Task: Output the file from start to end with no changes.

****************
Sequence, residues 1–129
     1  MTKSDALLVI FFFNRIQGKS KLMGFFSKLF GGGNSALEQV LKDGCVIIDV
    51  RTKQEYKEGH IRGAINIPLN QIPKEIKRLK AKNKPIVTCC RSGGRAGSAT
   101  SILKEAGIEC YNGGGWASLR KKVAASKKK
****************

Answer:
Sequence, residues 1–129
     1  MTKSDALLVI FFFNRIQGKS KLMGFFSKLF GGGNSALEQV LKDGCVIIDV
    51  RTKQEYKEGH IRGAINIPLN QIPKEIKRLK AKNKPIVTCC RSGGRAGSAT
   101  SILKEAGIEC YNGGGWASLR KKVAASKKK